It all started about 23 years ago for Key’Aira Lockett, when dance became a part of her life. Since then, she has moved her body to the rhythm of her own music and now she’s here to share her passion on the blog. When ever I come across a video on social media of Key’Aira dancing, I am in awe of how her body moves. I see the energy, the art, the creativity but most of all, I see her love for dance. Her movement is so uniquely hers, it’s hard not to be enraptured by the effortless flow of her pirouettes. A question you need to ask yourself while reading this interview is: Am I doing what I love? Let Key’Aira’s story inspire you…
When did you fall in love with dance
I fell in love with dance in high school. I attended Booker T. Washington High School for the Performing and Visual Arts as a dance major, while also professionally dancing for Dallas Black Dance Theatre II. In both of these spaces I was fortunate enough to have teachers who invested in me. I felt seen and heard. I think I fell in love with learning, and when learning became fun, I fell in love with dance.
How long have you been dancing?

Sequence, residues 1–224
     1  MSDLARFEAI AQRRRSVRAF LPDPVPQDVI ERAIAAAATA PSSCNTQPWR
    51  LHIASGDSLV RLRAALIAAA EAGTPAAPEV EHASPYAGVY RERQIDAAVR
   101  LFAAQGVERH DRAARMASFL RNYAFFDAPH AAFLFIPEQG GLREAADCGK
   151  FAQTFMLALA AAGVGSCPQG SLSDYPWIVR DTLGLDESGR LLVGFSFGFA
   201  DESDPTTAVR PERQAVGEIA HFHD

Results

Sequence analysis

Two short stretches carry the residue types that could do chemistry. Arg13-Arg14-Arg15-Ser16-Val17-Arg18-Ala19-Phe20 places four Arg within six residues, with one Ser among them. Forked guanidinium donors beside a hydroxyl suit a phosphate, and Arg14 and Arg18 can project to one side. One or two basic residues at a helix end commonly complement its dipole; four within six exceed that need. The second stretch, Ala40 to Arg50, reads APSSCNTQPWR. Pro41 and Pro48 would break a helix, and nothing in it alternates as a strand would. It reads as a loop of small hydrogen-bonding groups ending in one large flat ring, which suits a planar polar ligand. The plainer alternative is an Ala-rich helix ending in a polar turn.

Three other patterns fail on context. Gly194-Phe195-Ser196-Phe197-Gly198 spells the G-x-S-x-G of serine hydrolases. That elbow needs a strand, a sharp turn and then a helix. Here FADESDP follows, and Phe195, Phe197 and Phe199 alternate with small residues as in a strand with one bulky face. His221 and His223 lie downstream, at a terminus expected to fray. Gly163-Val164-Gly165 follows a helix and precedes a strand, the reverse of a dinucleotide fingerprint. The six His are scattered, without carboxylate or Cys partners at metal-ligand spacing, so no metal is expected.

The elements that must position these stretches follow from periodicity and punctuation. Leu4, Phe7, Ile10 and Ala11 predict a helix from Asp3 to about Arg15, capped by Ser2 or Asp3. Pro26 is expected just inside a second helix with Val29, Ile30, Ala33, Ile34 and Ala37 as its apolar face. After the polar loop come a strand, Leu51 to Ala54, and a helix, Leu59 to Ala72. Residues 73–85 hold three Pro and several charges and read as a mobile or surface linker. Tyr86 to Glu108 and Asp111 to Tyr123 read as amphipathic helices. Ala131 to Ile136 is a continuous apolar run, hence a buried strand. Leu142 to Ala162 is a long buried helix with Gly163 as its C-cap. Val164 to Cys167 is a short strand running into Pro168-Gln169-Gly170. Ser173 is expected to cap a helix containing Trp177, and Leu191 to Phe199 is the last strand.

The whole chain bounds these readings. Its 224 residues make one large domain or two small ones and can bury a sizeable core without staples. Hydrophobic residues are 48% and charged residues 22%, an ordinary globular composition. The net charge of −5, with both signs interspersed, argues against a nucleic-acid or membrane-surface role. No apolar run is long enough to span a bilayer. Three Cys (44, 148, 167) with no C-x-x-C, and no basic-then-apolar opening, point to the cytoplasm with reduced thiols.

I’ve been dancing since I was 3, so about 22/23 years.
What does it do for body and whole being – physically and mentally?
I’m not one to do a crazy amount of sit ups and lift weights, but because dance is 50% about passion and creativity that then translates through physicality, it frees me. I can over analyze things, so in some instances I get to just be without judgement or move towards meeting a specific demand.
What challenges have you encountered as a result of trying to push yourself to be better at what you do.
I’ve experienced anxiety….. lots of it. I always knew that I had to follow my own path, and I think that scared me. Doing something different, and coloring outside of the lines provided no road map. I had to rely on my faith in God, myself, and the universe. Innately I couldn’t go the safe route, my spirit wouldn’t let me.
Where do you see yourself going with this passion – what is the ultimate goal
Since graduate school I’ve allowed myself to dive into other interests such as; choreographing, producing, hosting, community organizing, and of course writing. All of these things now inform my movement in a way that can seem spontaneous. I think my passion for dance is in the science of finding new ways to tell a story. I would like to still be investigating this idea of re-imagining blackness, futurity, and femininity in my creative practice.
What advice would you give to a young dancer?
Listen to your body. That’s your partner.
Does race affect the opportunities you seek out?
I would like to say yes, and I mostly believe that the opportunities I haven’t gotten weren’t ever meant for me.
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